Edinburgh Festival '98: Comedy - Funny but frank

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BEFORE HER show begins, Lynn Ferguson comes on stage, apologises for not being very good and then retreats, promising: "This isn't the beginning, the beginning will be better than this." As if she need worry. Ferguson is a natural - a comic who could, recite the bus timetable and have the audience eating out of her hands.

Ferguson spends much of her year as a compere, artfully stringing together other people's acts. Her deceptively laconic opening spiel is less false modesty than Ferguson playing warm-up act to her own show. Among the exquisitely observed types appearing on Ferguson's one woman bill are softly spoken Irish wit Michael O'Leary, stand-up virgin Jenny Park, ex- beauty consultant and airhead comedienne Anita Ross, student Rob McCuskell, Butlin boy Billy Murphy and American dyke Al Gore.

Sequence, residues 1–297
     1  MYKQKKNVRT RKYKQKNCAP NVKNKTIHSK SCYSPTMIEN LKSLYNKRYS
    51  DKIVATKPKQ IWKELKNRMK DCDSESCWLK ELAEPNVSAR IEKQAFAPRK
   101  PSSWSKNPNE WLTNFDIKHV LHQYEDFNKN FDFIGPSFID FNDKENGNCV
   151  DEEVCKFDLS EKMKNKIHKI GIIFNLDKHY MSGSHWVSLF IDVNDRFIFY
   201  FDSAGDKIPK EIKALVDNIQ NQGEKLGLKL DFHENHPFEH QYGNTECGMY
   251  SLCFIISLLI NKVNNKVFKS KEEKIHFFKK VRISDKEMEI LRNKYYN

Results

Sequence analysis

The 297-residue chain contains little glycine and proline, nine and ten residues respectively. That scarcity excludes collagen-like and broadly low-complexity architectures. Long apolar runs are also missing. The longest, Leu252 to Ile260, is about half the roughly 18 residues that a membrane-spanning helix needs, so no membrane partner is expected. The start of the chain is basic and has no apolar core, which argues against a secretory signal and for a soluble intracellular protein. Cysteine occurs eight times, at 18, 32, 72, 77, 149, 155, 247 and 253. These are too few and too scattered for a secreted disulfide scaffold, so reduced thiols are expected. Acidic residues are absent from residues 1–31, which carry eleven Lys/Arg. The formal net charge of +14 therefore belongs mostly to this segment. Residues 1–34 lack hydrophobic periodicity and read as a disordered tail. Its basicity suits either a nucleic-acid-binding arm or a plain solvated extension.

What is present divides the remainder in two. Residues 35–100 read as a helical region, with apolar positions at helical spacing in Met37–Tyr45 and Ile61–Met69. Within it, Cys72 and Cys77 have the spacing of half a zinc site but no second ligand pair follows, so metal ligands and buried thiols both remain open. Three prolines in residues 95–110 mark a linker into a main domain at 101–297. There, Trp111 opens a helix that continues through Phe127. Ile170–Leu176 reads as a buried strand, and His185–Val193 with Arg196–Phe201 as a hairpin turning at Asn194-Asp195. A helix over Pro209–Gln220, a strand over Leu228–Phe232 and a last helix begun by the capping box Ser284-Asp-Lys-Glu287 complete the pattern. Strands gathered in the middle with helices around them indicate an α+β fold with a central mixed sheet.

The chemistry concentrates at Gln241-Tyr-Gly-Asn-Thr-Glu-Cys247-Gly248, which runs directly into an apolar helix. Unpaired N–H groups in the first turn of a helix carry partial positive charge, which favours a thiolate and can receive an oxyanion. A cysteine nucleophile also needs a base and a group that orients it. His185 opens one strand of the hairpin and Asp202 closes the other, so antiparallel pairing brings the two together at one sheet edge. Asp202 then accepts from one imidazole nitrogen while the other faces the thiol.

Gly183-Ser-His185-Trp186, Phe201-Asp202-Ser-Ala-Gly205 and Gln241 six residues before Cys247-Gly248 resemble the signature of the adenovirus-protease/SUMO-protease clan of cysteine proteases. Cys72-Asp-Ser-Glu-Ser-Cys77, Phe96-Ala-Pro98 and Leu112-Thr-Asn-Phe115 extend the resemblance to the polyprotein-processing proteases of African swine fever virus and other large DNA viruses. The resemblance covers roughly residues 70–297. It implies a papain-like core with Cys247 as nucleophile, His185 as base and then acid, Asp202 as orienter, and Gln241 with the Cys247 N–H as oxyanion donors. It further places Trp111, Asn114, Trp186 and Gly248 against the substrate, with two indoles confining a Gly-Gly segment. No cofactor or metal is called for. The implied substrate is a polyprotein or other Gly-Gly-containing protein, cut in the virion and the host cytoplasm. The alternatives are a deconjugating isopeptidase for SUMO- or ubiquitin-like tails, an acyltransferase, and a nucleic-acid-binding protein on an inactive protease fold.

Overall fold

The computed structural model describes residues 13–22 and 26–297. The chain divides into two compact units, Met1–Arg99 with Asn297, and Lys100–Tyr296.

But Frank isn't just a wicked slice of character comedy - Ferguson's fictional jokers get to tell good gags too. After delivering some desultory dispatches from the sex war, O'Leary tells his audience "I want to die in my sleep like my father, not screaming like his passengers", while the dim-witted Anita Ross reflects on the lessons learnt in her previous career as beautician by noting that "fat people use more soap".

Ferguson glues these disparate acts together with her own conversational banter, and if there's one criticism of Ferguson's show, it's that she's perhaps too good a stand-up. Her impressions of Anita, Al and the rest are funny enough but it's when Ferguson is up on stage playing herself that she shines.

Gilded Balloon Studio Theatre, 7pm (0131 226 2151). To 31 Aug.

A version of this review appeared in some editions of yesterday's paper.